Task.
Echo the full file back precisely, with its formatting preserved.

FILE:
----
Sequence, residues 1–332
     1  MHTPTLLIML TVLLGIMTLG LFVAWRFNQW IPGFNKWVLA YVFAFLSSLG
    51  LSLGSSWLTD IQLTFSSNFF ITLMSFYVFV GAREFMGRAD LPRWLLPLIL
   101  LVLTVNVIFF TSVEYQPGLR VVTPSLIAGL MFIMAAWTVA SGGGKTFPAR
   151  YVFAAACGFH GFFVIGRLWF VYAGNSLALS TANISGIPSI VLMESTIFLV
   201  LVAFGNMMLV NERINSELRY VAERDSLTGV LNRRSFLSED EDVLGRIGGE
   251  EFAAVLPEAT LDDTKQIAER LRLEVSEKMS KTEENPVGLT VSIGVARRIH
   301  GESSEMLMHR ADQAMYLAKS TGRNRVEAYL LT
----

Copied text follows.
Sequence, residues 1–332
     1  MHTPTLLIML TVLLGIMTLG LFVAWRFNQW IPGFNKWVLA YVFAFLSSLG
    51  LSLGSSWLTD IQLTFSSNFF ITLMSFYVFV GAREFMGRAD LPRWLLPLIL
   101  LVLTVNVIFF TSVEYQPGLR VVTPSLIAGL MFIMAAWTVA SGGGKTFPAR
   151  YVFAAACGFH GFFVIGRLWF VYAGNSLALS TANISGIPSI VLMESTIFLV
   201  LVAFGNMMLV NERINSELRY VAERDSLTGV LNRRSFLSED EDVLGRIGGE
   251  EFAAVLPEAT LDDTKQIAER LRLEVSEKMS KTEENPVGLT VSIGVARRIH
   301  GESSEMLMHR ADQAMYLAKS TGRNRVEAYL LT